Nope!  I already had the pattern for this quilt worked out from 11 years ago (!!), so writing it up wasn’t that much extra work.  I don’t see myself making any more quilts anytime soon (or ever!), so don’t hold your breath for any more quilting patterns.  As for garment patterns, yeah right!  That is WAY more work, and honestly I have no interest in ever developing one.

Why aren’t you charging anything for this pattern?

There are many reasons why this pattern is free (check out the Tulip Quilt page for details), but mostly it’s because I have absolutely no interest whatsoever in combining my passion for sewing with any sort of business.  Sewing is my hobby, pure and simple.  I had a ton of fun putting this pattern together, and I don’t need or want to be paid for enjoying my hobby in my free time.

Any other questions?  Ask away!

Share your Tulip Quilts

If you use this pattern to make a quilt or anything else, I’d absolutely love to see it.  You can post photos in the Tulip Quilt Flickr group so we can all admire your work.  :)

I hope you enjoy this pattern, and happy sewing!

Tulip Quilt – finished!

Tulip Quilt - finished

Today I am absolutely thrilled to share my finished Tulip Quilt, a project 11 years in the making.  This quilt is certainly not a masterpiece in design or craftsmanship, but I am so happy with the finished project nonetheless.  This quilt has been with me for most of my adult life and has witnessed so many ups and downs over the years, from grad school to a real job and, rather ironically, right back to grad school!  It represents perseverance through crafting and through life, and I’m proud to see it finally completed.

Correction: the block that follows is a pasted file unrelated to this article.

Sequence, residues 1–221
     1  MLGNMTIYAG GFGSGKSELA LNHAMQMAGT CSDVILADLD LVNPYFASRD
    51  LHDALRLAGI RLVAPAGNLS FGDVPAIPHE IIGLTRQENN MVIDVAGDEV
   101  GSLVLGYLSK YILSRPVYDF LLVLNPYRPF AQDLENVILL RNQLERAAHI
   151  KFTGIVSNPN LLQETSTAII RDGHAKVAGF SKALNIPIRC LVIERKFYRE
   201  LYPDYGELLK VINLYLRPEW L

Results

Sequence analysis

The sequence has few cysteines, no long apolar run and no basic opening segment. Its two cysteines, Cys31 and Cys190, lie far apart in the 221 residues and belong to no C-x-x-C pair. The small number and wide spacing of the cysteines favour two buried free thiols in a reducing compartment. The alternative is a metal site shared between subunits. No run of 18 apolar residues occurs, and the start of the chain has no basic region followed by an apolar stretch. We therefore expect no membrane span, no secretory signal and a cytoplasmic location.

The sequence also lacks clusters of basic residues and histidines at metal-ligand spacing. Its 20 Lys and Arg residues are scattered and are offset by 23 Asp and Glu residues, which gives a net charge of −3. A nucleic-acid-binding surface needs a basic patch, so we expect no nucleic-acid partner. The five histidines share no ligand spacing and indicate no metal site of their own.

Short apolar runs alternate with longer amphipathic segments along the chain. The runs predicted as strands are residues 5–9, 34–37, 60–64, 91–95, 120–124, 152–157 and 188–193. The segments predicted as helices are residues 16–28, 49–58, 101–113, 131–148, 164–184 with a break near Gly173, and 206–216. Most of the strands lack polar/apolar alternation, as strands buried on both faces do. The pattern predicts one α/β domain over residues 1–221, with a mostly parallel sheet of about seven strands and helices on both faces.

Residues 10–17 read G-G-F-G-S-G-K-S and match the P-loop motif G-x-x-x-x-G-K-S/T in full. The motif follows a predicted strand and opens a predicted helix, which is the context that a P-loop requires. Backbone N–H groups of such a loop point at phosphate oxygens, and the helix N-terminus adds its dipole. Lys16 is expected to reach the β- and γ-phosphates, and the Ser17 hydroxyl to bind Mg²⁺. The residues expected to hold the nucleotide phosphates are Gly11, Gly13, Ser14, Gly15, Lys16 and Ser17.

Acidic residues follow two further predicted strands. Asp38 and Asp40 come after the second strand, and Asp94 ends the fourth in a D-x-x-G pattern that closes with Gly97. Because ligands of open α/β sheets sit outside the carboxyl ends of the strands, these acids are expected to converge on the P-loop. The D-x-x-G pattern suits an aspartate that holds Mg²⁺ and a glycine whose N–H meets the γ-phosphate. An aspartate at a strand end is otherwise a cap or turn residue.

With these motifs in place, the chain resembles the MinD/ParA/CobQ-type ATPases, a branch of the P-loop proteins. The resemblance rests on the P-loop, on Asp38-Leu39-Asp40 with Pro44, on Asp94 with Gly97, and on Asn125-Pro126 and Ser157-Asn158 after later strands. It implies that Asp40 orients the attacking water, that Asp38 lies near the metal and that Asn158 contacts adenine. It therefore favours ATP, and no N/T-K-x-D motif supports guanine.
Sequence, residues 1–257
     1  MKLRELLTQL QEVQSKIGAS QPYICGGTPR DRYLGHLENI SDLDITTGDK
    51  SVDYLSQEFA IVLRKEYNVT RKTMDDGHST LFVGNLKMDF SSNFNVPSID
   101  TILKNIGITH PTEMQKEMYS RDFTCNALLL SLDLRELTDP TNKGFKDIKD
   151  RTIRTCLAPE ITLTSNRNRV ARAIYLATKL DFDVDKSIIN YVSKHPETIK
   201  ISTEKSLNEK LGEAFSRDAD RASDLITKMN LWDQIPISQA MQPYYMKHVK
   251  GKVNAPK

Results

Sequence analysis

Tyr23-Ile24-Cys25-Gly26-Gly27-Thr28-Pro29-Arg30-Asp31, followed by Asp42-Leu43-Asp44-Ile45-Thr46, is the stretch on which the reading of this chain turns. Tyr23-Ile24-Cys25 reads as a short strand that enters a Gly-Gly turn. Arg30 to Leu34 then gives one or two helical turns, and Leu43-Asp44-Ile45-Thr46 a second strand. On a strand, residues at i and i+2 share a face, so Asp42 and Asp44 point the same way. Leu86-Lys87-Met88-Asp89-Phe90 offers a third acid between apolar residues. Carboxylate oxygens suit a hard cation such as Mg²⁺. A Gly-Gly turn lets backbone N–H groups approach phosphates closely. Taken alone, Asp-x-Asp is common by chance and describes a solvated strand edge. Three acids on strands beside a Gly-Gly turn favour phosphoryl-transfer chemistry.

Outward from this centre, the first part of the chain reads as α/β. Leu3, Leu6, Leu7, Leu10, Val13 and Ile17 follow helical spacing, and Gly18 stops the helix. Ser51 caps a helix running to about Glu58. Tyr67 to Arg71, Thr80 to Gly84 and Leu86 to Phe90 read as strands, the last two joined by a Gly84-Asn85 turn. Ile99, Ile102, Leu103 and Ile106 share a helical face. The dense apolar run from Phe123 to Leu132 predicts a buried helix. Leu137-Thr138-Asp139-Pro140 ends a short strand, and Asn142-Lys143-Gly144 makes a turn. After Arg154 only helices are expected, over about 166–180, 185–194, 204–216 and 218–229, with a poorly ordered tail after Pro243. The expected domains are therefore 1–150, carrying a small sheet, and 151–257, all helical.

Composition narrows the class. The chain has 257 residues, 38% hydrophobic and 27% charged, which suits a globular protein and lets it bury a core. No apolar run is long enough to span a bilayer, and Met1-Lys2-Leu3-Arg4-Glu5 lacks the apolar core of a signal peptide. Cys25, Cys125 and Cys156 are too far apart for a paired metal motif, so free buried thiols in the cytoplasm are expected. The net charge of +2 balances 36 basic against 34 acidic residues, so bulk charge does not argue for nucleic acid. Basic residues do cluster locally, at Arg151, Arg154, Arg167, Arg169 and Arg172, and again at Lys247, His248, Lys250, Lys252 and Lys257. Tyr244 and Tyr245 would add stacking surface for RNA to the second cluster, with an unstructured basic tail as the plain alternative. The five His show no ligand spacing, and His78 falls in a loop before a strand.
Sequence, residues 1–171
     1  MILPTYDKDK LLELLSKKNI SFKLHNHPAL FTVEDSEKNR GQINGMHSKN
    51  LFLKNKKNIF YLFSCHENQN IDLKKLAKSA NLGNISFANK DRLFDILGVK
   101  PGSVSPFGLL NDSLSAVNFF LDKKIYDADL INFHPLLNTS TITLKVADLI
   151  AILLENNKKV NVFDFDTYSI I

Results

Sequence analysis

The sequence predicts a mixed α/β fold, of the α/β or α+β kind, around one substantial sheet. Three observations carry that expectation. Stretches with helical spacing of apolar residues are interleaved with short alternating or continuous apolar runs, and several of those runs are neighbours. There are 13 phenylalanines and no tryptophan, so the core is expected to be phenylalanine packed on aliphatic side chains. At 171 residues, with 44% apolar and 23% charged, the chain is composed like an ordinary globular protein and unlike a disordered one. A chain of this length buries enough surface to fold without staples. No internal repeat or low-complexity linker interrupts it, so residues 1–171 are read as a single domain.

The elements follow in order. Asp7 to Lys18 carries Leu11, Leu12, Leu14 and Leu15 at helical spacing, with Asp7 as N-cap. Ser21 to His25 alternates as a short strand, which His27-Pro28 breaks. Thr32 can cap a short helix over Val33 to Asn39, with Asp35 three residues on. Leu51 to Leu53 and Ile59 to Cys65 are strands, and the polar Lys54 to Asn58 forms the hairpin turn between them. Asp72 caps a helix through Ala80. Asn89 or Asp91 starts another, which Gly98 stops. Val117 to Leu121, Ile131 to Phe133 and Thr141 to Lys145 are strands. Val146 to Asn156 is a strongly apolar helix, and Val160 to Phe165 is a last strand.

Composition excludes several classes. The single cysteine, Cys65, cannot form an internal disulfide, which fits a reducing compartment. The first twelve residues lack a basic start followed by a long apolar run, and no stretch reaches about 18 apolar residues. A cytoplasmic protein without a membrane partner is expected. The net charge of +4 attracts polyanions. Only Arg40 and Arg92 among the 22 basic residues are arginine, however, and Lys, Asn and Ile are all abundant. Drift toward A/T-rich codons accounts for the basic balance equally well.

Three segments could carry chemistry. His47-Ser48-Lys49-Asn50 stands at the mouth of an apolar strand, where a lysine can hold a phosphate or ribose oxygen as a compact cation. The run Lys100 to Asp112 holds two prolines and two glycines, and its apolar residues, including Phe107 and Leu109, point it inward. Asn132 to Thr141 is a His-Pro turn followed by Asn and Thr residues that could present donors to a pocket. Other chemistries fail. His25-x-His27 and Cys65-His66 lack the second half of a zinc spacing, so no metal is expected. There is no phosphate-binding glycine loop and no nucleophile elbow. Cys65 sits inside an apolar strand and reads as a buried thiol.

I started the quilt in 2004, immediately after I finished my first quilt.  I cut out all the pieces for the tulip blocks and started piecing them by hand (before I had a sewing machine), and then the quilt sat untouched for 8 years, surviving several moves and apartment clean-outs.  I guess I was sentimentally attached to it!  In 2012 when I bought my machine, this was the first project I started working on, and I finished piecing the quilt top and assembled the “quilt sandwich.”  After another hiatus, I resumed in the fall of 2014 when I purchased a walking foot, essentially required equipment for machine quilting, and finally the quilt is complete in 2015.

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Fitting broad shoulders: a pattern comparison

Fitting broad shoulders - the problem

Shoulders.  While I’ve grown to accept my genetic makeup and everything that comes along with it, having broad shoulders definitely presents a challenge in my sewing.  Maybe I’m biased, but I feel like adjusting the fit in the shoulder area is one of the trickiest adjustments to make, perhaps second only to the mystical crotch curve.  There’s just so much going on in that area, and a simple change can easily affect nearly every major pattern piece.  The fit issue is really noticeable too – just look at how far away the shoulder seam of my Renfrew is from my actual shoulder point!

There are plenty of sewists out where who are similarly blessed with broad shoulders and a broad upper back, including Morgan, Sunni, Erin, and countless others.  Morgan recently wrote a great post on fitting her broad shoulders, essentially an open letter to the sewing community for suggestions and support.  Go read the comments on that post – they’re full of shoulder fitting wisdom and camaraderie!